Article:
After that I bought a copy of "The Princess Bride" by William Goldman on a whim. It's my favourite movie of all time, and I have read the book before, but probably 15 years ago. So I was curious to see how it held up. It's one of those rare instances where the movie is better than the movie. The book is fine and all, and there are some details that I like which I wish were in the movie. For example, Humperdink is a bit scarier in the book than the fop he is in the movie. On the otherhand, some of the key lines from the movie "I'm on the brute squad." "You are the brute squad." are missing. And the Zoo of Death is one of those scenes that kind of left me luke warm.
Besides, too much of the book is Goldman rambling on about different stuff not to do with book. Some of it is entertaining, but some of it for deeply hardcore fans. I love the movie, but apparently I'm not hardcore enough for this.
Next up is "The Girl With The Dragon Tattoo". I picked it up on a whim because I read some of the reviews for the movie, which were glowing. The book is actually a really great thriller, involving murder, corporate greed and not exactly a glowing view of Swedish society. In fact, I remember posting up on Twitter a week or so ago asking if all Swedish authors felt compelled to do disturbing things to children, given the only other Swedish book I've read recently was "Let The Right One In" by John Lindqvist. The response I got was that Swedes were, in fact, pretty disturbing people.
Of course, this is a simplistic view of the world, much akin to reading "The Shipping News" and thinking that's an accurate view of Newfoundland. Still, it's weird that those are the books I've managed to read.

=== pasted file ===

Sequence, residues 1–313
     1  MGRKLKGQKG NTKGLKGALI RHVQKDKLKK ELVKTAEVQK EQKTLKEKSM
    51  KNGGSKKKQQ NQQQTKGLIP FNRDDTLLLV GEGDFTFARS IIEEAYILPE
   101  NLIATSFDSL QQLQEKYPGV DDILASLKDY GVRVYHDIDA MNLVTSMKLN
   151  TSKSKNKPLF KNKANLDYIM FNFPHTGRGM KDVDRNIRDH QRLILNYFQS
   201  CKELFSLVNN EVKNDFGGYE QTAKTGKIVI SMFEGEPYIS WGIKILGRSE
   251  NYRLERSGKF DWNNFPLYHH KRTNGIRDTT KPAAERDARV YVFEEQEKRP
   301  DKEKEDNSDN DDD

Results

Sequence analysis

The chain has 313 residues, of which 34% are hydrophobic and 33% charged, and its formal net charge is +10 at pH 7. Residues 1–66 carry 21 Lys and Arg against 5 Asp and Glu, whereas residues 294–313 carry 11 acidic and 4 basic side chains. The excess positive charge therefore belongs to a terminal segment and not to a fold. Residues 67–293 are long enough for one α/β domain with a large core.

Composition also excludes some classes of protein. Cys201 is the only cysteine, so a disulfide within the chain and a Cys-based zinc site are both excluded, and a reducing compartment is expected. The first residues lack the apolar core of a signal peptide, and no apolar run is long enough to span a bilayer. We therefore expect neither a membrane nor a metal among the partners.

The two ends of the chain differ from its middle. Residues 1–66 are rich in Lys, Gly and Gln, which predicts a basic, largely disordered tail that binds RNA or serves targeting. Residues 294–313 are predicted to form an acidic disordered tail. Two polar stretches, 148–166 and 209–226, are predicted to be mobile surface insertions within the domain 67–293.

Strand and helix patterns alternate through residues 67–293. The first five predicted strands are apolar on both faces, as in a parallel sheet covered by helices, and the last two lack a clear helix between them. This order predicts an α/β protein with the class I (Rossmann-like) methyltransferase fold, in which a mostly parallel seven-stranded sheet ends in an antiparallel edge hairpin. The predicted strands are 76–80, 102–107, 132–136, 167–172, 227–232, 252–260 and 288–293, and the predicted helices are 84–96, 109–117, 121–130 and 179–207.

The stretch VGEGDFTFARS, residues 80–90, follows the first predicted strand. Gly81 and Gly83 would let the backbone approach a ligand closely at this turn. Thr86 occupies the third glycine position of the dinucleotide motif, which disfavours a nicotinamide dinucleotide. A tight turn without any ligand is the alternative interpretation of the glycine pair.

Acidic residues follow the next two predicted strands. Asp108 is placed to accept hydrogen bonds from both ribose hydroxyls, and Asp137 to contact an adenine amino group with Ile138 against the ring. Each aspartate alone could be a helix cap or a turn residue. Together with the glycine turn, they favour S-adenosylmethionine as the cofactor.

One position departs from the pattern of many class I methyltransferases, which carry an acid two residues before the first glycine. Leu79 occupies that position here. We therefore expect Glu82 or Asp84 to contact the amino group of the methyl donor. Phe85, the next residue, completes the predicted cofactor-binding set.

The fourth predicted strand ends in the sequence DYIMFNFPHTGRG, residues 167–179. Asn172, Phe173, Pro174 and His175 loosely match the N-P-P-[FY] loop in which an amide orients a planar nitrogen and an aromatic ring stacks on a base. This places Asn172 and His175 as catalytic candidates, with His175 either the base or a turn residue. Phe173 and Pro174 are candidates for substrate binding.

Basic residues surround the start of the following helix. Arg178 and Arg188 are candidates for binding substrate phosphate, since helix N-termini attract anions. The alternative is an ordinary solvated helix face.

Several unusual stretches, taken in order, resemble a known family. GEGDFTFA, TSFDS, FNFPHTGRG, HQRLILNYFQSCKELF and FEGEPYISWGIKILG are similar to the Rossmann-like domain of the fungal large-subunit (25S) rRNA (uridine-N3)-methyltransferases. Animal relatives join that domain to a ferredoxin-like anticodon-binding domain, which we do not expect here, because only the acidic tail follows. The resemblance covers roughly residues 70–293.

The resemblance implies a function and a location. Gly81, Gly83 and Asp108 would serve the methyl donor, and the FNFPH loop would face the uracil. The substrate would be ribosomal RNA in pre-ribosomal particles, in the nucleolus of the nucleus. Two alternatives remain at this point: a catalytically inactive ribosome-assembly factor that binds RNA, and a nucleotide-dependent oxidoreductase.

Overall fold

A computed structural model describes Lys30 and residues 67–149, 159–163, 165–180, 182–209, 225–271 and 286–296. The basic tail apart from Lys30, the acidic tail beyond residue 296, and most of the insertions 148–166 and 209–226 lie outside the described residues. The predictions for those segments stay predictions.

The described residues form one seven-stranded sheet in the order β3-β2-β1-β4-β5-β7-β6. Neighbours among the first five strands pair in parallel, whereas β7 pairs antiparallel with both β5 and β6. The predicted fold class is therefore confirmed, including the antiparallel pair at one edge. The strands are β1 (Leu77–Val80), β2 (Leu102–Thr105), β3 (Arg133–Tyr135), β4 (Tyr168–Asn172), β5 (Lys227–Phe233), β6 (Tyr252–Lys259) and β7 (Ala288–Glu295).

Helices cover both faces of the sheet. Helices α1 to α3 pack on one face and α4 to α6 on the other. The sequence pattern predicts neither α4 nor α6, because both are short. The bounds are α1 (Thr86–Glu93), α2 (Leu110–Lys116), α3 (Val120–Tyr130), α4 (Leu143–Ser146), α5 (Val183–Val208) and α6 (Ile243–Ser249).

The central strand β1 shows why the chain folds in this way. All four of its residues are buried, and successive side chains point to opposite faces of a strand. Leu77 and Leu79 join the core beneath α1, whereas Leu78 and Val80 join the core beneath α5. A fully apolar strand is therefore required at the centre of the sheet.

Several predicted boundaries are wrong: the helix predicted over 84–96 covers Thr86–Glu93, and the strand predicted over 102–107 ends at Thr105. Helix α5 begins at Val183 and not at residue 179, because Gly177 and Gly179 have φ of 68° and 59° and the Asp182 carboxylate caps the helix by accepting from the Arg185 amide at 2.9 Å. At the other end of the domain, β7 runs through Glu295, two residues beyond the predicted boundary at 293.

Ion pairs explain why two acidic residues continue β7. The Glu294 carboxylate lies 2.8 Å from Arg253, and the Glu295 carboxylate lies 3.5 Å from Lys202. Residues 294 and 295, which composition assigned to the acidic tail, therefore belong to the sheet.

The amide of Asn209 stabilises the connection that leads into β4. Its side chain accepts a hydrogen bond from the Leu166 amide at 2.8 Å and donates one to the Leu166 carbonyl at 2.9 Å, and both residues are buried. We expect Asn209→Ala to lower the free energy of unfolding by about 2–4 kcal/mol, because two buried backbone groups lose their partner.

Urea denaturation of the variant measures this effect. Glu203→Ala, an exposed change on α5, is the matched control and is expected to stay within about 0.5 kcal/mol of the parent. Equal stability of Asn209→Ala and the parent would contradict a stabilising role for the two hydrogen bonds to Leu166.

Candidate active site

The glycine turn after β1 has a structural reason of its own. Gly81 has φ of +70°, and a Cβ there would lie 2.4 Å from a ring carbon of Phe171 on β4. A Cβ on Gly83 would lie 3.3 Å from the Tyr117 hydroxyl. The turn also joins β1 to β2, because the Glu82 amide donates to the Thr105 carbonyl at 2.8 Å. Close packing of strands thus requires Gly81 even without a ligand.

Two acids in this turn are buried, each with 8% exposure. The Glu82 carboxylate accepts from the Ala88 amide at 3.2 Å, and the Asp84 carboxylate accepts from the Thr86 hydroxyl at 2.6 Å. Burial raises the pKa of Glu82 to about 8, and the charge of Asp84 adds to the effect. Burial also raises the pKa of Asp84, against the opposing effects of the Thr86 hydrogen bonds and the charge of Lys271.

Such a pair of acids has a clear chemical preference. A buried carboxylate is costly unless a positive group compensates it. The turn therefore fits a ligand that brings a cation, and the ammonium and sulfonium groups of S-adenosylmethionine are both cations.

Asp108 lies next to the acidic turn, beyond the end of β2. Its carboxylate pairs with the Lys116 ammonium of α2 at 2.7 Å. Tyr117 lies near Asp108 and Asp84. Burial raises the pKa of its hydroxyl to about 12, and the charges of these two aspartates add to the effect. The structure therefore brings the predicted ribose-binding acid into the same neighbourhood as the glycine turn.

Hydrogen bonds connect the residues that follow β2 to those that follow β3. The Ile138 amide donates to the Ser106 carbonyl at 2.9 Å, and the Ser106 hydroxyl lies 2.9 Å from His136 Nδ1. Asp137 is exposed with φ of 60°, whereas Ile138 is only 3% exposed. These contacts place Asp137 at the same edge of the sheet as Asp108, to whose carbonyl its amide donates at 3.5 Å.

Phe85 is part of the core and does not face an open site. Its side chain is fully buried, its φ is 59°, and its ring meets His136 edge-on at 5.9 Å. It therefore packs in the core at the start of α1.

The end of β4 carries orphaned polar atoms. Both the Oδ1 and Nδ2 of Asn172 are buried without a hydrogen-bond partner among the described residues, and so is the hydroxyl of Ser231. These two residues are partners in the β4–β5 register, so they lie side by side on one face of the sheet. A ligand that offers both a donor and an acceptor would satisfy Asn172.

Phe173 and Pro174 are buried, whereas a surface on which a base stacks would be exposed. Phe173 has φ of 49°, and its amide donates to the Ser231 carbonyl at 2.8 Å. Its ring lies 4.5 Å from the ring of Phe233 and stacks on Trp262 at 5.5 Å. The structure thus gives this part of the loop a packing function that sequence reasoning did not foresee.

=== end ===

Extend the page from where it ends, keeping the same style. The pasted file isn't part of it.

It's quite a good book, really, despite the stuff going on with kids. A decent mystery, a good thriller, and a look at computer hacking plus corporate politics. Steig Larsson and the translator produce a nice, smooth, easy to read book. There's lot of diversions and unnecessary detail, but it all works. You're willing to go along with it because Larsson is such a good writer.
I was so happy with it, I went out and bought the sequel, "The Girl Who Played With Fire". Which just goes to show that there is a thin line between rambling and engaging and rambling and "get to the freaking point already." Hey, I like little bits of useless information to add character development. I haven't finished the book yet, so perhaps Salander's lengthy intro to her time in the Grenada might have a point, but as I'm 50 pages from the end, I kind of doubt it. Plus, there is a vast chunk in the middle involving a police investigation that I couldn't care less about it. I understand it needs to be there, but an editor could have hacked 50 pages out of it and the book would have been better for it.
It's a decent book, and when it gets rolling, it really gets rolling. However, there's just too much stop and start to make it as entertaining as the first book.
So there you go, five book reviews. Not really certain what I'll read next. Perhaps I'll give Douglas Coupland's "The Gum Thief" another try. That'll be my third go at it, though. If I don't finish it this time, then off to the library book sale it goes.
1. The mountain - The Stills*
2. The cloud prayer - A.C. Newman
3. Army dreamers - Kate Bush
4. Well worn hand - Editors
5. Sweet the sting - Tori Amos